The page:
Crossing Brooklyn Ferry
by Walt Whitman
New York, New York!
What did you expect? The poem is about a ferry ride over the East River from Manhattan to Brooklyn – of course Whitman is going to give us the sights and sounds of the city. He paints what amounts to a panorama, which is a 360-degree view of everything within sight. Much of the imagery is breathtakingly beautiful, like the descriptions of the light from industrial foundries.
- Lines 13-16: These lines each begin with the word "Others." Beginning successive lines with the same word is called "anaphora." He imagines that other people will take the same ferry between Manhattan and Brooklyn as he does.
- Lines 17-18: Barring some sort of natural or man-made catastrophe, New York City should still be around far into the future. But even if it's not, at least the geography of its islands will be there.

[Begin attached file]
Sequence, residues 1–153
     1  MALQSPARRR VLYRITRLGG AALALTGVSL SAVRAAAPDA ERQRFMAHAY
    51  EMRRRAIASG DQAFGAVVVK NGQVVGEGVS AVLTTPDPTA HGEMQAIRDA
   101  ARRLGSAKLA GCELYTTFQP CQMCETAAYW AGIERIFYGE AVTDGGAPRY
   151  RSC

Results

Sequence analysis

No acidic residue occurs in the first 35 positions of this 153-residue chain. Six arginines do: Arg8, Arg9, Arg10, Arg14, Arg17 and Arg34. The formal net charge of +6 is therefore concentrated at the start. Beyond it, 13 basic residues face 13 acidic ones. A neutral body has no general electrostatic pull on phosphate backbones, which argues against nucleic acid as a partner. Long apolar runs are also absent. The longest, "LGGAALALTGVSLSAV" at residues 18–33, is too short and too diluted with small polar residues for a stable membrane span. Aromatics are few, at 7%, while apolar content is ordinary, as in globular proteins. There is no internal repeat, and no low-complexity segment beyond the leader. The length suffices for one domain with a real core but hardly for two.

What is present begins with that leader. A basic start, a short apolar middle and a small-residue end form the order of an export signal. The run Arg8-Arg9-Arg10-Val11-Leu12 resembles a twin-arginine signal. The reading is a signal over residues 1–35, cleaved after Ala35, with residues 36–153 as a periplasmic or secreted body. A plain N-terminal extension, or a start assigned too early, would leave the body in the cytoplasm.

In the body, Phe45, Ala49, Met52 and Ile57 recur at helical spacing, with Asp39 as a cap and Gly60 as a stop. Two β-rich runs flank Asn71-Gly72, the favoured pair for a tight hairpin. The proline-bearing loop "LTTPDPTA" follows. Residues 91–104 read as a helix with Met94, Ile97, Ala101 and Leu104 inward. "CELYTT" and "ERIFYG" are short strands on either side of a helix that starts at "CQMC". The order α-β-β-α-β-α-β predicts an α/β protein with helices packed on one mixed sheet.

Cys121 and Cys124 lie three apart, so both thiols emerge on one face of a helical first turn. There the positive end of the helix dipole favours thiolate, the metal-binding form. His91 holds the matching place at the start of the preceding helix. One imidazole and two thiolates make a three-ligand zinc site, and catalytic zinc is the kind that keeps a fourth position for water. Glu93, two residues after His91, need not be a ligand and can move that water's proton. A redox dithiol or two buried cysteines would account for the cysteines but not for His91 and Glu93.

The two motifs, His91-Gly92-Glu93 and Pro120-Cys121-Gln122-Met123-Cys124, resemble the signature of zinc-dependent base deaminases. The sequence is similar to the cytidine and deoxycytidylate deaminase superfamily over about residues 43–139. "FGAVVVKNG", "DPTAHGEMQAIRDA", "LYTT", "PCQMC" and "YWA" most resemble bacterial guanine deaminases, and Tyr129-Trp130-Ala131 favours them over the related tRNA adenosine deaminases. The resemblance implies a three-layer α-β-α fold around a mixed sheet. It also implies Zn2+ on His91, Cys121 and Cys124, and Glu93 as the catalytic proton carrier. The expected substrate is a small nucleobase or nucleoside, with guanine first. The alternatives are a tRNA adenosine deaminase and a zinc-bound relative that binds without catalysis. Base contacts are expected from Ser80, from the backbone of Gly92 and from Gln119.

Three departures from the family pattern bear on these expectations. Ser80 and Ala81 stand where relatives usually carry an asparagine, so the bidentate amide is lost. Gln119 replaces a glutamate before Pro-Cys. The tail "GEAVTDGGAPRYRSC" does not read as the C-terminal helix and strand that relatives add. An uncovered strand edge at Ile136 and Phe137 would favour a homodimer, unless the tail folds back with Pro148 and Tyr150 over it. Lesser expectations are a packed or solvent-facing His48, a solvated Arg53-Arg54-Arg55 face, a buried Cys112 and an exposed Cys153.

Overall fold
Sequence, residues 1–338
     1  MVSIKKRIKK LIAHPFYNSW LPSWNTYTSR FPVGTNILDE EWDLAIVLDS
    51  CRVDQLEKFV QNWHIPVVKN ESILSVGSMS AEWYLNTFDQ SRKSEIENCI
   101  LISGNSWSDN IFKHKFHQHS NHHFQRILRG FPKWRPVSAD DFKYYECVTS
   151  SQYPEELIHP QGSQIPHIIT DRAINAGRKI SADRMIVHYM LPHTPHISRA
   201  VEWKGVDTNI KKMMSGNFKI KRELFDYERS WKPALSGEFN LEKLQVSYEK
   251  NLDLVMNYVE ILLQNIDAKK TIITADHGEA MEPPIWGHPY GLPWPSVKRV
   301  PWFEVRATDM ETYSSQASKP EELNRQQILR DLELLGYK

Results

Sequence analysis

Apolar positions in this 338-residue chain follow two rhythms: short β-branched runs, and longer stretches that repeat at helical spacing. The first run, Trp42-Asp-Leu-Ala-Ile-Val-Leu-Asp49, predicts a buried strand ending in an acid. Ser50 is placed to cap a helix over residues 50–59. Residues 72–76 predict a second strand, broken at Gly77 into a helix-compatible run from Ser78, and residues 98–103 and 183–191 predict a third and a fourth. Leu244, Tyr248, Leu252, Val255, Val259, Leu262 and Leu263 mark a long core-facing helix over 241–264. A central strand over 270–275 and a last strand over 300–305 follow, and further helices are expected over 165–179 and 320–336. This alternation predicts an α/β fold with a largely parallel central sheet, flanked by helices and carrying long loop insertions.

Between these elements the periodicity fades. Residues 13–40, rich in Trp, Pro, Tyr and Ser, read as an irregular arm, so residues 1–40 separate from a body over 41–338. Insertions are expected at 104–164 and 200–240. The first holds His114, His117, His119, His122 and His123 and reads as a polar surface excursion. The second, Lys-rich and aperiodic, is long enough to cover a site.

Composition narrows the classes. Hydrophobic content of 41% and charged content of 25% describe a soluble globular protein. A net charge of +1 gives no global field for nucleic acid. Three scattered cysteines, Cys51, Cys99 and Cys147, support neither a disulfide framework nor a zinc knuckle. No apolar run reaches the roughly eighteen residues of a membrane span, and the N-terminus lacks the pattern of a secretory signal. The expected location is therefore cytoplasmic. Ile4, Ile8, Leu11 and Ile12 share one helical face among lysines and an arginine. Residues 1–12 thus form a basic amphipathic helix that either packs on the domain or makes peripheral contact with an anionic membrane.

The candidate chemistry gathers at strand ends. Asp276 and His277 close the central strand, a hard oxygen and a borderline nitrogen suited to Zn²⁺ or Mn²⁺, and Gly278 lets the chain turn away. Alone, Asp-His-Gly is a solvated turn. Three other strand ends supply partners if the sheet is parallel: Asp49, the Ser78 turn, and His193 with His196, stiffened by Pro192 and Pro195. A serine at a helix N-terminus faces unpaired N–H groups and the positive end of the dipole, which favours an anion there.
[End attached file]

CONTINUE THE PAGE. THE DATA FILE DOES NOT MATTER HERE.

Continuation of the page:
- Lines 35-36: These lines contain imagery of the haze and vapor that surrounds New York at this hour. Notice the alliteration of "haze on the hills" and "vapor […] tinged with violet."
- Line 44: New York was an international shipping city, so it's not surprising that the ships in port fly "flags of all nations."
- Lines 60-61: The speaker discusses his personal connection to the city. He lived in Brooklyn and liked to walk around Manhattan, and to swim in the waters around the island. Don't try this at home: those waters are filthy now.
- Line 81: The speaker coins a word for people who are native to Manhattan: "Manhattanese."
- Line 114: The speaker alludes to the Native American heritage of New York by using the word "Mannahatta." Politically correct? Maybe not. But it's the 19th century, people.